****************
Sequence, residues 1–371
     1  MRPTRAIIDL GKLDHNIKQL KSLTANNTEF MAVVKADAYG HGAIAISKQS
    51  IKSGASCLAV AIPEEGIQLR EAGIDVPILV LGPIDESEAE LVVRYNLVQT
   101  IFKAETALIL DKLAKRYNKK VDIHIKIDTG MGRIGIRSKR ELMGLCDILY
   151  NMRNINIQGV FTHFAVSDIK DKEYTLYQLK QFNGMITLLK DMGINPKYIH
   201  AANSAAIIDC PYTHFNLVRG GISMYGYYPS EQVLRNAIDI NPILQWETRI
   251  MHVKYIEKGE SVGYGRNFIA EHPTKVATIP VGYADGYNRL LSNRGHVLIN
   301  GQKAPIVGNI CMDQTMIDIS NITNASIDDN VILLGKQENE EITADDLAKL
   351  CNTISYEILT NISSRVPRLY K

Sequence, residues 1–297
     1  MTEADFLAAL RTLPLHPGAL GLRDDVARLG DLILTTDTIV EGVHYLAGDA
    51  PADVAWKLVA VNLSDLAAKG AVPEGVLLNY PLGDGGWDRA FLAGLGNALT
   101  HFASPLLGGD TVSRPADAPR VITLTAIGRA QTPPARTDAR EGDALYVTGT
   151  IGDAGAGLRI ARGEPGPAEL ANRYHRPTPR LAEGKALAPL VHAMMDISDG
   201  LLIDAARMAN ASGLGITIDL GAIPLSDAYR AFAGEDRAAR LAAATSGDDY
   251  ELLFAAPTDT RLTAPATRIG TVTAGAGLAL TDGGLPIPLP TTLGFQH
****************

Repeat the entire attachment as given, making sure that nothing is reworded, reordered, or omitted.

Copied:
Sequence, residues 1–371
     1  MRPTRAIIDL GKLDHNIKQL KSLTANNTEF MAVVKADAYG HGAIAISKQS
    51  IKSGASCLAV AIPEEGIQLR EAGIDVPILV LGPIDESEAE LVVRYNLVQT
   101  IFKAETALIL DKLAKRYNKK VDIHIKIDTG MGRIGIRSKR ELMGLCDILY
   151  NMRNINIQGV FTHFAVSDIK DKEYTLYQLK QFNGMITLLK DMGINPKYIH
   201  AANSAAIIDC PYTHFNLVRG GISMYGYYPS EQVLRNAIDI NPILQWETRI
   251  MHVKYIEKGE SVGYGRNFIA EHPTKVATIP VGYADGYNRL LSNRGHVLIN
   301  GQKAPIVGNI CMDQTMIDIS NITNASIDDN VILLGKQENE EITADDLAKL
   351  CNTISYEILT NISSRVPRLY K

Sequence, residues 1–297
     1  MTEADFLAAL RTLPLHPGAL GLRDDVARLG DLILTTDTIV EGVHYLAGDA
    51  PADVAWKLVA VNLSDLAAKG AVPEGVLLNY PLGDGGWDRA FLAGLGNALT
   101  HFASPLLGGD TVSRPADAPR VITLTAIGRA QTPPARTDAR EGDALYVTGT
   151  IGDAGAGLRI ARGEPGPAEL ANRYHRPTPR LAEGKALAPL VHAMMDISDG
   201  LLIDAARMAN ASGLGITIDL GAIPLSDAYR AFAGEDRAAR LAAATSGDDY
   251  ELLFAAPTDT RLTAPATRIG TVTAGAGLAL TDGGLPIPLP TTLGFQH